In the last decade, there have been major advances in creating synthetic skin — the scientific quest for "Terminator"-type self-healing materials has been many a researcher's mission. Some of the earlier attempts required impractical high temperatures for self-healing to occur. Others could repair themselves at room temperature, but only once. And importantly, all previous self-healing materials lacked the crucial property of being able to conduct electricity, which is required for sensing and interfacing.
But now, Stanford chemical engineering professor Zhenan Bao and her team have come up with a design that offers both the self-healing ability of a plastic polymer and the conductivity of a metal. The secret? A plastic consisting of long-chain molecules joined by hydrogen bonds, to which nanoscale particles of nickel were added for conductivity and increased mechanical strength.
The result was a polymer with unusual characteristics: the sci-fi ability to repair itself, along with flexibility, conductivity and, for those of you who are tactile-minded, the feel of saltwater taffy.
The molecules easily break apart, but when they reconnect, the bonds reorganize themselves and restore the structure to the pre-break state. The researchers tested the material by cutting a strip of it in half, and then gently pressing it back together. After a few seconds the material returned to 75 percent of its original strength and electrical conductivity. After 30 minutes the material was restored to 100 percent. They repeated the process 50 times, each time it returned to normal. "Even human skin takes days to heal. So I think this is quite cool," said Benjamin Chee-Keong Tee, first author of the paper.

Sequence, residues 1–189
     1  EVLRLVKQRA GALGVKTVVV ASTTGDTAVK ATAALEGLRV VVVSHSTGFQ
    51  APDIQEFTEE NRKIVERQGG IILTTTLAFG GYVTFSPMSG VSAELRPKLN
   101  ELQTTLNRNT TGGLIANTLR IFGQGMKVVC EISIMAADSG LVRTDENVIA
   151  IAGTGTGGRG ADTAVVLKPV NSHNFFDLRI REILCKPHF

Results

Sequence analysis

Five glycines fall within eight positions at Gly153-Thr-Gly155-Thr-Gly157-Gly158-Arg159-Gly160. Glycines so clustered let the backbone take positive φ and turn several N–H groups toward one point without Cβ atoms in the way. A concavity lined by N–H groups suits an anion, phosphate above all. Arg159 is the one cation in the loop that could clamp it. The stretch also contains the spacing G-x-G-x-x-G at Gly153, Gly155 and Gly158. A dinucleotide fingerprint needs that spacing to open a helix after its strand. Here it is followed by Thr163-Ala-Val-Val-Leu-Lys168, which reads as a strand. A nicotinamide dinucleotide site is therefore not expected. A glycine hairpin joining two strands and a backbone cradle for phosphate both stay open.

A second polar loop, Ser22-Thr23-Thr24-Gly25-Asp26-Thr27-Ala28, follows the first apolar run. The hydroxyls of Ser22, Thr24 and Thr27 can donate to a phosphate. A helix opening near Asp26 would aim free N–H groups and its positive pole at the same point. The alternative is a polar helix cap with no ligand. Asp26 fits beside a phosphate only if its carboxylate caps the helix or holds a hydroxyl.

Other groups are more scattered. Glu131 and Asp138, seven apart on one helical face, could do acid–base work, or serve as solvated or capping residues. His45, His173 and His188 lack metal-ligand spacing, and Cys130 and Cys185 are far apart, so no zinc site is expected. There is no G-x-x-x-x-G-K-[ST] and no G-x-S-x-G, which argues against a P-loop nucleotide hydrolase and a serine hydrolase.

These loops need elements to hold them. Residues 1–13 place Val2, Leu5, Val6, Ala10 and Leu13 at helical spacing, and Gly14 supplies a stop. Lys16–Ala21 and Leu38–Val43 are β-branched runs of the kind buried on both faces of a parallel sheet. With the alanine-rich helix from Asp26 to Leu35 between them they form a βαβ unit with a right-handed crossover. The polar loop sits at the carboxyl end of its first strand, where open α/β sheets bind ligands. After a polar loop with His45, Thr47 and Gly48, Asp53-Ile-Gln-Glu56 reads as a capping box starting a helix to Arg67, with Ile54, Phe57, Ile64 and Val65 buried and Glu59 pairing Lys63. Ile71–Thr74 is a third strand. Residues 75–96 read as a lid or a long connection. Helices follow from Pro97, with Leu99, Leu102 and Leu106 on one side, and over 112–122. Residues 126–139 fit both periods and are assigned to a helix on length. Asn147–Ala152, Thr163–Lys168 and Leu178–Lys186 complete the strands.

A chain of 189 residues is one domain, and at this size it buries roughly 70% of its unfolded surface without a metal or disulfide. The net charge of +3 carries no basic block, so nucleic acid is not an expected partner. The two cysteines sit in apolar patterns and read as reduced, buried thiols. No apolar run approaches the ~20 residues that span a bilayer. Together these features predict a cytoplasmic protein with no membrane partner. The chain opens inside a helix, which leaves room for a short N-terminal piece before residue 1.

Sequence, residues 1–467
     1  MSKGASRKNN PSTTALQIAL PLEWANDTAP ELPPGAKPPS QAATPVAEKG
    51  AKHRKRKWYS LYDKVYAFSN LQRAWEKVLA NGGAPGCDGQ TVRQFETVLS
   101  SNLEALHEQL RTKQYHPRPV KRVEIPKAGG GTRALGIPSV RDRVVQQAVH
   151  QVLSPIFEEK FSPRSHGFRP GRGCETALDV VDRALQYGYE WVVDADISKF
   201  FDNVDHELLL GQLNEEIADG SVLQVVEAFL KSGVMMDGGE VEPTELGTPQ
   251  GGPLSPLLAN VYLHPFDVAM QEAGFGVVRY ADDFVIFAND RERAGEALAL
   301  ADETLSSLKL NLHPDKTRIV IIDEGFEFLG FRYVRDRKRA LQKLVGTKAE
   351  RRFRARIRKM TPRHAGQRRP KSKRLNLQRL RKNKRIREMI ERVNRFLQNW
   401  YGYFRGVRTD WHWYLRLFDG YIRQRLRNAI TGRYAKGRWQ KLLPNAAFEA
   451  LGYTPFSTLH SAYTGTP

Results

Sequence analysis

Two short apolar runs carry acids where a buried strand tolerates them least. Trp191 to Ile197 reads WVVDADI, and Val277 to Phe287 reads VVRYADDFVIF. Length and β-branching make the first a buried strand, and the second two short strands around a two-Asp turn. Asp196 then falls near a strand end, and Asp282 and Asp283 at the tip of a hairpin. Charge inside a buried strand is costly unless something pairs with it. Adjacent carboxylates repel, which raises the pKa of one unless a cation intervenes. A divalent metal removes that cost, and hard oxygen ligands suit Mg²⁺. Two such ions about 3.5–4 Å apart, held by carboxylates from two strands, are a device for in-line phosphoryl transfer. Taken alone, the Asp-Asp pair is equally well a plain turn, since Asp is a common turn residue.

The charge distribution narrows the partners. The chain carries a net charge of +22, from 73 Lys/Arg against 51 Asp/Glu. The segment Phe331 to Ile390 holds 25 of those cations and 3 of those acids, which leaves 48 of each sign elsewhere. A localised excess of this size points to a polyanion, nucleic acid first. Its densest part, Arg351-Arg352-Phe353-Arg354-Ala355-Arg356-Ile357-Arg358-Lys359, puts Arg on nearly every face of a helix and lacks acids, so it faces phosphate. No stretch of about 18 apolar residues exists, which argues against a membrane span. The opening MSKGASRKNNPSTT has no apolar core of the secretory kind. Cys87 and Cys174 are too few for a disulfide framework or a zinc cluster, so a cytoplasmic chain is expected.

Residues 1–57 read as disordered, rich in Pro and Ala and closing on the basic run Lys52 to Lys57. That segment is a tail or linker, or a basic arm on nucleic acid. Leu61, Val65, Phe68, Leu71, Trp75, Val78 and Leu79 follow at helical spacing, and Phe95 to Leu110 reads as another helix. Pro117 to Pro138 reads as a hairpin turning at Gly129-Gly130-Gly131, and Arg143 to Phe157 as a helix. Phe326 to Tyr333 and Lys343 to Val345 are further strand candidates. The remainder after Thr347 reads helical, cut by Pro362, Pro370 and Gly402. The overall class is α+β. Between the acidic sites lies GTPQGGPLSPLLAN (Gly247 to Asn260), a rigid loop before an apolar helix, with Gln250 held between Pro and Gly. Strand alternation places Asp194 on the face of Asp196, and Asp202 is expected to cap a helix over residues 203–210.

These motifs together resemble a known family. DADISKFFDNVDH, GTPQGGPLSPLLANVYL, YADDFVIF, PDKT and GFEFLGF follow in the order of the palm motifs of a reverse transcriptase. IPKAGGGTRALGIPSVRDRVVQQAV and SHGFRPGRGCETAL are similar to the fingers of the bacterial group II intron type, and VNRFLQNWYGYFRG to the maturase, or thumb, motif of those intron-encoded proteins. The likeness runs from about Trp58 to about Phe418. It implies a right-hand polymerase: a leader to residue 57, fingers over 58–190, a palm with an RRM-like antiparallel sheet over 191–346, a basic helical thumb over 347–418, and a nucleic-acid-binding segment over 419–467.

Transhumanism takes a multidisciplinary approach in analyzing the dynamic interplay between humanity and the acceleration of technology. In this sphere, much of our focus is on the development and ethical use of biotechnology, nanotechnology and artificial general intelligence. Our theoretical interests focus on posthuman topics of the singularity, extinction risk, and mind uploading. Many of these ideas are contemplated in books and other publications produced at Humanity+ Press.
Originally posted by soficrow
reply to post by Tallone
An F&S& bump from me too. ...I suspect we're well on the way to "transhumanism" - at least for the very, very filthy rich and ultra- uber wealthy.
reply to post by sicksonezer0
Im wondering how well tolerated this engineered skin is when attached to the human body, then again, how it is attached? sewn?
Originally posted by Tallone
Scientists have come up with a plastic polymer skin that mimics at least two of the properties of our own real skin. It feels, and it can repair itself. Another one right out of the realm of SF has come to fruition. Science is amazing.
it got to have some side effects, would you like to mention those ? waitingedit on 18-11-2012 by CoolNamesWereTaken because: spelling mistake